The FDA is recommending placing limits on supplements for our pets. It is headed under the Draft Compliance Policy Guide and is called Labeling and Marketing of Nutritional Products Intended for use to Diagnose, Cure, Mitigate, Treat or Prevent Disease in Dogs and Cats.
Following are some of the recommendations of particular interest to us as pet lovers.
1. The product is made available to the public only through licensed veterinarians or through retail or internet sales to individuals purchasing the product under the direction of a veterinarian.
2. The product is not marketed as an alternative to approved new animal drugs.
5. The product does not include indications for a disease claim (eg. obesity, renal failure) on the label.
6. Distribution of labeling and promotional materials with any disease claims for the product is limited so that it is provided only to veterinary professionals.
7. Electronic resources for the dissemination of labeling information and promotional materials are secured so that they are available only to veterinary professionals.
Regulatory Action Guidance
Districts should consult with the CVM Division of Compliance, Post-Market Compliance Team (HFV-232) prior to taking regulatory action against dog and cat food products that claim to diagnose, cure, mitigate, treat or prevent diseases.
Priority for enforcement attention should be given to products that:
1. Are marketed as alternatives to approved new animal drugs.
4. Are made directly available to the public circumventing the role of a licensed veterinarian for provision of directions for use, supervision of treatment and evaluation of the treatment outcome.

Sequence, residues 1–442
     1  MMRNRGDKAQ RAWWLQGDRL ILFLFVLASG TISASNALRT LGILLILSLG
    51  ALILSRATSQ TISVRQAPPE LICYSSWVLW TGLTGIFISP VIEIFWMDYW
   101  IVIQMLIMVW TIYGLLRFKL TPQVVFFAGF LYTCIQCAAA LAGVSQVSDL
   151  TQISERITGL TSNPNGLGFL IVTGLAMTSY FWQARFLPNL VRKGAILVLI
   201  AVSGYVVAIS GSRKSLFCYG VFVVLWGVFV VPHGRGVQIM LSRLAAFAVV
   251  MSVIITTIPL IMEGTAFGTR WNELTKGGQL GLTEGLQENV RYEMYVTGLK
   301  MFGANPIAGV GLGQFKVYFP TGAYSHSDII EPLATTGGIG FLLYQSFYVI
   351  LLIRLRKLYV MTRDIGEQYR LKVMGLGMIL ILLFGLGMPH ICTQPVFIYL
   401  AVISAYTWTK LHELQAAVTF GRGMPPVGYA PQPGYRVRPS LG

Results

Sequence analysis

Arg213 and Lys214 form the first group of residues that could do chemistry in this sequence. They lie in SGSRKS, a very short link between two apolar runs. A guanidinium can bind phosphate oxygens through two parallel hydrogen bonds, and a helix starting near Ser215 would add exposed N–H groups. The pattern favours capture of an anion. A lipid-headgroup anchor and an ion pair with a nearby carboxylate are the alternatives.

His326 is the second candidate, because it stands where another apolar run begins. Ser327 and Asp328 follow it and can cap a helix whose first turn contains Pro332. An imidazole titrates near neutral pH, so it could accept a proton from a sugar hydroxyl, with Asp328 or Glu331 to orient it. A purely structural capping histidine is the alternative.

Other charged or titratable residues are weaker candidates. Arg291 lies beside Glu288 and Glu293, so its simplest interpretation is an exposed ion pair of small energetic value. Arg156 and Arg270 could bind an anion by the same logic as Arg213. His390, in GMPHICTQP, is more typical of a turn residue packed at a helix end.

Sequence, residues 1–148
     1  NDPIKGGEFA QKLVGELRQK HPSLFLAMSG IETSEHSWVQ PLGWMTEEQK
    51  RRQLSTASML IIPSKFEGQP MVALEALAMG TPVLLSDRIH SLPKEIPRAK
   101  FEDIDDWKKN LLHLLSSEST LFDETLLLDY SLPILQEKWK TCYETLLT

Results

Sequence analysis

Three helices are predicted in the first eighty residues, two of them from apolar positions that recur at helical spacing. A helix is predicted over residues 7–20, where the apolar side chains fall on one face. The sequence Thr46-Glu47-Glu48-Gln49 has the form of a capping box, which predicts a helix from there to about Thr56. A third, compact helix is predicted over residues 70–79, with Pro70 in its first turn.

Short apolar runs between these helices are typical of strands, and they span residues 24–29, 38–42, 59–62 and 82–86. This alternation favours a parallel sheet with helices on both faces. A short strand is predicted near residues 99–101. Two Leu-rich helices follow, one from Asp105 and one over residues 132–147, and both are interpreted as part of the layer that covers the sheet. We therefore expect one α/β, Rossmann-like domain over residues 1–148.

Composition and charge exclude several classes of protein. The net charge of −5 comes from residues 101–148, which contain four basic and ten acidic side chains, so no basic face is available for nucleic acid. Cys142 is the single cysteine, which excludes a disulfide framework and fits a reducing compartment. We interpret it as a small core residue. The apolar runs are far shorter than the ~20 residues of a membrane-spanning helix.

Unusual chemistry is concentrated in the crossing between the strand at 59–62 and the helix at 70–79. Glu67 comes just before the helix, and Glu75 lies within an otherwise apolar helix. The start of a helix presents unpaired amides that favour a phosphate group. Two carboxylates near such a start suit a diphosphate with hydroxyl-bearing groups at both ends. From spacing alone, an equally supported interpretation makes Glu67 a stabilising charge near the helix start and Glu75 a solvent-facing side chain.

These are the highlights of the FDA recommendations.
What does all this mean? Well, for starters, it gives veterinarians who are not knowledgeable about supplements the power to decide what and/or if your pet needs any supplements. Example: I’ve had vets tell me that glucosamine/chondroitin is useless when I have proof positive that it works. My GSD, Quanah, had one ear that flopped over for the first 4 years of her life. I started her on G/C for her hip and elbow dysplasia. After a short time, the ear flopping was corrected. Since G/C is used to strengthen cartilage and Quanah’s ears are made of cartilage – well, need I say more. I’ve also added Omega 3 to the mix. Her legs and hips may not be perfect, but she’s not suffering and in pain since I began this regimen 6 years ago.
If these recommendations go into effect, they have far-reaching consequences. Manufacturers of supplements, pet foods, drugs and more will feel the effects. Veterinarians will be bombarded with questions and requests. And of course prices to the consumer will increase considerably.
And the FDA’s recommendations are similar for human supplements.